Royal Holloway, University of London – Principal attends first partner meeting of EQUALS in New York

It was great to see Royal Holloway, University of London, represented by the Principal, Professor Paul Layzell, at the first principals meeting of EQUALS, the partnership for gender equality in the digital age, held on 16th September, just before the UN General Assembly starting today in New York.

EQUALS is a very important initiative, founded by the ITU, UN-Women, the ITC, the UNU-CS and the GSMA, to reverse the trend of increasing gender digital inequality.  The UNESCO Chair in ICT4D has been delighted to be working closely with the founding partners ever since the origins of EQUALS, and our membership provides an opportunity for everyone at Royal Holloway, University of London to play a part in helping to make a difference in this crucial area.

Royal Holloway, University of London, has played a leading role in the higher education of women, especially in STEM subjects.  Bedford College, University of London, which merged with Royal Holloway College in the 1980s to form Royal Holloway and Bedford New College, now abbreviated to Royal Holloway, University of London, was thus founded in 1849 as the first higher education college in the UK specifically for women.  Staff from many of its leading departments contribute to the UNESCO Chair in ICT4D; 12 of our 28 Members and Affiliated Members are women.

EQUALS has three broad coalitions, on Skills, Access and Leadership, and Royal Holloway is an active member of the Skills coalition.  The College is also participating in the EQUALS Research Group being led by the UNU Computing and Society Institute (UNU-CS).  It is great to see the College featuring in this high profile UN initiative, as one of only two universities among the first 24 Partners and 5 Founding Partners.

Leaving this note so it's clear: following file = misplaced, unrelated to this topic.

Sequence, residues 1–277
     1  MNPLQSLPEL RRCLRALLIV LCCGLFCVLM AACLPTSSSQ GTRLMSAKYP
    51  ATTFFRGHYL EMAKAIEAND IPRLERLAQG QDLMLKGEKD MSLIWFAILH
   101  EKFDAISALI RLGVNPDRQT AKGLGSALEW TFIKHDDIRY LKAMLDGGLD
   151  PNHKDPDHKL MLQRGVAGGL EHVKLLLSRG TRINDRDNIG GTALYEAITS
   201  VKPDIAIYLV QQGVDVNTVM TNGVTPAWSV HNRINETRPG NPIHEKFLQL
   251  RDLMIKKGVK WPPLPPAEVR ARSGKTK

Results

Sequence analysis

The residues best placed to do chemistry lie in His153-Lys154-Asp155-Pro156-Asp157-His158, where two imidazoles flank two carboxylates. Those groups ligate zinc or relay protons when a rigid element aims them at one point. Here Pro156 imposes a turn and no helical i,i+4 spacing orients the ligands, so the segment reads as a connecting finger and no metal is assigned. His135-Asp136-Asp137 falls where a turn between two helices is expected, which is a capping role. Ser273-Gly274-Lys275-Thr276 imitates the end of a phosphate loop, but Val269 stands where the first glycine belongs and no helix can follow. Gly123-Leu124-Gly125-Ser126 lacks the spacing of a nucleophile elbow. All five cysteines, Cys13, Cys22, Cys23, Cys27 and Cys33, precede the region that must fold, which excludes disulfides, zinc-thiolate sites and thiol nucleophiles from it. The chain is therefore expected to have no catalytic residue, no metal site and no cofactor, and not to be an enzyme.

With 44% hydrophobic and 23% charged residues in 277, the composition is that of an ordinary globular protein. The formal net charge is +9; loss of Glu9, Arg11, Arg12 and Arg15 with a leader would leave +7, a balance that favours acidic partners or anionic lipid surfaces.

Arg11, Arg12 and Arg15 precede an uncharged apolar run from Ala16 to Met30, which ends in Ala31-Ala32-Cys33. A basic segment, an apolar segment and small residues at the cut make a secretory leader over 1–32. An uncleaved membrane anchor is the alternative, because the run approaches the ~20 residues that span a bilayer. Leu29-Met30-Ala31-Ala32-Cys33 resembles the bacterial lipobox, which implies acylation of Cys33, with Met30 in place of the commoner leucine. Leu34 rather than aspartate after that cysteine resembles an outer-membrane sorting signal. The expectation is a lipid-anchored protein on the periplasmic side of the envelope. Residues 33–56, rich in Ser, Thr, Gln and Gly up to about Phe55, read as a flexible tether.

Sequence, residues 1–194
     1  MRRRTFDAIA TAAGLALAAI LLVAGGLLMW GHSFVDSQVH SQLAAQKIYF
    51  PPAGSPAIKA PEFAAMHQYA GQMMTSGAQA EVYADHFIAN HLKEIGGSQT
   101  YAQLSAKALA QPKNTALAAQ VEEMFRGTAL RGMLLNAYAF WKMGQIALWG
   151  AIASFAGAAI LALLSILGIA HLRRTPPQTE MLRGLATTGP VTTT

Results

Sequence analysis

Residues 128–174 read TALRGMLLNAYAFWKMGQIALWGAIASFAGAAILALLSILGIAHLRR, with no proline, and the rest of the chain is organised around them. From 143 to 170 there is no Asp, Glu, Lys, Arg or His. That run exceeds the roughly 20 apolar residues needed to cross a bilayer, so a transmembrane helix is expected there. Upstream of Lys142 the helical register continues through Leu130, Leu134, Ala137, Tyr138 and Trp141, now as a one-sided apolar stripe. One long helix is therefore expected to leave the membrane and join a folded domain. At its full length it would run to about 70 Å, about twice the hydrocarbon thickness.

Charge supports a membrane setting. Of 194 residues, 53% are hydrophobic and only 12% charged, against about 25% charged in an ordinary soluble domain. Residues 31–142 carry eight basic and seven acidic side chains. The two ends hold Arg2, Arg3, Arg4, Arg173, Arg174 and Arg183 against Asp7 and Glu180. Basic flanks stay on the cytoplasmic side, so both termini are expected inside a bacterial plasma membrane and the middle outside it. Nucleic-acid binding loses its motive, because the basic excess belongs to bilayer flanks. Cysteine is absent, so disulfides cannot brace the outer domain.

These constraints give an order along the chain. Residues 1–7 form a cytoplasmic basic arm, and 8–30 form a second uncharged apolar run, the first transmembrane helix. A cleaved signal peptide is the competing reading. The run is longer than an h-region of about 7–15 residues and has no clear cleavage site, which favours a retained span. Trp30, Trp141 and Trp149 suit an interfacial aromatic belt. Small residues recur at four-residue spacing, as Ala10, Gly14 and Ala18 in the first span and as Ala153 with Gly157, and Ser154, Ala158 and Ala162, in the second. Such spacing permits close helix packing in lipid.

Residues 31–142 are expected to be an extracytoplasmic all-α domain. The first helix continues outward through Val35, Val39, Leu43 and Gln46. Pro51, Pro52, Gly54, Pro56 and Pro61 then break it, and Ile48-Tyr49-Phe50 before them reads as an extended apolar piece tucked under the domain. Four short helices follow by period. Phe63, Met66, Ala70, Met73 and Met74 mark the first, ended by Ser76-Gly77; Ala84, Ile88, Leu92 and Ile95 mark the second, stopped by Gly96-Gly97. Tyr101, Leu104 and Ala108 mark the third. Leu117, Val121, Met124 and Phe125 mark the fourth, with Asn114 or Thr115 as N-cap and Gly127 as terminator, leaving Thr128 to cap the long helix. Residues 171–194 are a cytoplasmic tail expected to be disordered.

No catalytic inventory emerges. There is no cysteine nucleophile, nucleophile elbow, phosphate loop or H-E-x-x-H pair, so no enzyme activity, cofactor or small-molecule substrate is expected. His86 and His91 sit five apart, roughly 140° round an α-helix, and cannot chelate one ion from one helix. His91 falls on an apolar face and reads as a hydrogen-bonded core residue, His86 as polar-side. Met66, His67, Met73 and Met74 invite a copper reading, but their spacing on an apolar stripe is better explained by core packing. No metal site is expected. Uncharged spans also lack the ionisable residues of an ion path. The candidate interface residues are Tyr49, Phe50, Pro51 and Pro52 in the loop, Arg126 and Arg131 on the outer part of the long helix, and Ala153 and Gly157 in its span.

I hope that the pictures below of the principals meeting, and Professor Paul Layzell’s interview, capture something of the atmosphere.

SDG Stories: UNESCO Chair contributing on sustainability of ICT systems

e_sdg-goals_icons-individual-rgb-09In the run-up to this year’s UN General Assembly, the Office of the DG of the UN Office in Geneva has launched a novel initiative on big conversations driving the big goals of the SDGs as part of their Perception Change Project.  The UNESCO Chair in ICT4D is delighted to have been invited to participate in this initiative, alongside other leading figures in the ICT4D world including Houlin Zhao (SG of the ITU, and one of our Honorary Patrons), Kathy Calvin (President and CEIO, UN Foundation), and Nicholas Negroponte (Founder MIT Media Lab).

Our stories are about the question “What are the biggest hopes and challenges we face in providing reliable ICT access to communities as we work towards improved sustainable development?

This was my response:

Seeing the eyes of a group of street children in Ethiopia light up when I let them play with my laptop in February 2002 convinced me in an instant of the potential of technology to be used effectively for learning by some of the poorest people in the world.  However, the plethora of global initiatives that have been designed to use ICTs to contribute to reducing poverty through economic growth over the last 15 years have had the consequence of dramatically increasing inequality at the same time.  The poorest and most marginalised have not benefited sufficiently from the promise of ICTs.